The terms for external morphology used here follow those of Zacharuk (1985). The antennal sensilla length, diameter, and sensilla number per segment were measured directly from the printed scanning and transmission electron micrographs (Sukontason et al. 2007; Hu et al. 2009). Images were improved using Adobe Photoshop 7.0. The data obtained were analyzed to determine the standard error. The numbers and size differences between females and males were analyzed using Student's t-tests.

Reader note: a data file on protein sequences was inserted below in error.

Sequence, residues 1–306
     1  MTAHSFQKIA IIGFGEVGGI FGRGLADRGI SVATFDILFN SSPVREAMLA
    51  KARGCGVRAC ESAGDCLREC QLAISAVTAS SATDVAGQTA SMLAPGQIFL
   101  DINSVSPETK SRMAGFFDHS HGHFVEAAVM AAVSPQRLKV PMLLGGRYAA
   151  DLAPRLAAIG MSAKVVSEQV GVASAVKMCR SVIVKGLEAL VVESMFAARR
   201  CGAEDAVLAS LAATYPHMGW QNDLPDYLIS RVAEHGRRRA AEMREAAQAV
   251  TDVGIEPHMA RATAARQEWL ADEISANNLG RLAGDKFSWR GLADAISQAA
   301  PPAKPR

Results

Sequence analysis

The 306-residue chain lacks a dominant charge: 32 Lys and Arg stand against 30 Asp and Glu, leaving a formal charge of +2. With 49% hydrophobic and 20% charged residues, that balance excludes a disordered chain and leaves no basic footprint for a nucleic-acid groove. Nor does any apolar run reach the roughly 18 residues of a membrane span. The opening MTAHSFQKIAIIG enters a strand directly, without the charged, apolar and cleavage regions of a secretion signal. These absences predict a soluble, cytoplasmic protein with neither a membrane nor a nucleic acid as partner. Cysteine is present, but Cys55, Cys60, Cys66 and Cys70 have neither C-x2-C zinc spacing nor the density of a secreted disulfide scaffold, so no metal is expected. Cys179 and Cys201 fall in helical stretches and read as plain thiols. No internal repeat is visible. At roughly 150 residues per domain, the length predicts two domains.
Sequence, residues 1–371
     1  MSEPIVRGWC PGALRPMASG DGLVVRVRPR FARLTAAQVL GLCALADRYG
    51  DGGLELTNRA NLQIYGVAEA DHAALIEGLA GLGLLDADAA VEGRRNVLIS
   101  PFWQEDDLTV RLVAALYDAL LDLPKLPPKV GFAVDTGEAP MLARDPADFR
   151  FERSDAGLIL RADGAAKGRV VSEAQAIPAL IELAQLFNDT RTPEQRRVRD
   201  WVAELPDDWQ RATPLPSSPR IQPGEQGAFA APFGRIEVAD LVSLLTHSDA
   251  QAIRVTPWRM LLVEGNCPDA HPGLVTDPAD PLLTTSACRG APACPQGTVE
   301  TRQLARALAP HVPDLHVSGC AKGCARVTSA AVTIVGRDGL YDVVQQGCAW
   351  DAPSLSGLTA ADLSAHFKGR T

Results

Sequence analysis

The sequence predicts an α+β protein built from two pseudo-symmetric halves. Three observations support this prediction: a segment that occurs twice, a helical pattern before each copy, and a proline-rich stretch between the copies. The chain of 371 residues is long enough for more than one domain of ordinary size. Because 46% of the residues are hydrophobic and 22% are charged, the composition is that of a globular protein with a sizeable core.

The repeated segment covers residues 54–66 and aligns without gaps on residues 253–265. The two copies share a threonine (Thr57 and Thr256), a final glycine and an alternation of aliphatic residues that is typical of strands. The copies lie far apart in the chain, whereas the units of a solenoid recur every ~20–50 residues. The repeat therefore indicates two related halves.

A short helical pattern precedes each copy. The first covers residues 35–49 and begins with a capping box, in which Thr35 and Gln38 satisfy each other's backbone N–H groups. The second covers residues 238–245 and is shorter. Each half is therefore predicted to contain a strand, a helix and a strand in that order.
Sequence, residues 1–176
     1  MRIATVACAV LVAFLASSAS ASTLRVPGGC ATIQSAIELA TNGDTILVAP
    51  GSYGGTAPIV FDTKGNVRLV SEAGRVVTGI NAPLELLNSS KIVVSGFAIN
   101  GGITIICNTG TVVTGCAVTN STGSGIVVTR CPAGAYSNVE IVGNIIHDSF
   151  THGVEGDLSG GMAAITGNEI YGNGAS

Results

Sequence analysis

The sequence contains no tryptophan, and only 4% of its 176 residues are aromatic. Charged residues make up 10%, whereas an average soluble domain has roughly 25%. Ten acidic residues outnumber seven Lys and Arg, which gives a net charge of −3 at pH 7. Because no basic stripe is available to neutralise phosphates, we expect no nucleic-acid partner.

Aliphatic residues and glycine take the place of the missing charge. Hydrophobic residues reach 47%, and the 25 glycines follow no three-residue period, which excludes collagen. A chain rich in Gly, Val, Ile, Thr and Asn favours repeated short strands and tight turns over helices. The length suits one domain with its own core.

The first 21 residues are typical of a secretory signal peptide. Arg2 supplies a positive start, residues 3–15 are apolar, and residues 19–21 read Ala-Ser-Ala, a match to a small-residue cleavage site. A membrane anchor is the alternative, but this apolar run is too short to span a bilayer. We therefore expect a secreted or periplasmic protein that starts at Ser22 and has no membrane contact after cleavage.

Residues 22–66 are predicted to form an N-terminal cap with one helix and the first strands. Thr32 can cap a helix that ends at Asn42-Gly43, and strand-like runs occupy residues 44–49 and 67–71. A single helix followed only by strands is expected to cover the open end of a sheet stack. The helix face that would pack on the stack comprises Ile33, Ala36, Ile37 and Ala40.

Synthetic compounds used in this behavioral study were purchased from commercial sources (Sigma-Aldrich Chemical Co; Shanghai, China). They included both host and green tissue compounds. The host compounds were ethyl-1-hexanol (>99%), heptacosane (>95%), (+)-3-carene (>90%), hentriacontane (>95%), cis3-hexenyl acetate (>97%), acetophenone (>98.5%), tridecanone (>95%), and 1-octen-3-ol (>98%). The plant volatiles were hexanol (>95%), (-)-limonene (>95%), nonacosane (>98%), and ethyl hexanoate (>99%). These chemicals were selected because they are very common semiochemicals produced by wheat panicles and green tissues (Robacker et al. 1992; Bruce & Cork 2001; Birkett et al. 2004; Nawrot et al. 2010), and their electrophysiological response activity has been demonstrated for many insects, including the granary weevil Sitophilus granarius (L.) (Coleoptera: Curculionidae) (Birkett et al. 2004; Cha et al. 2011).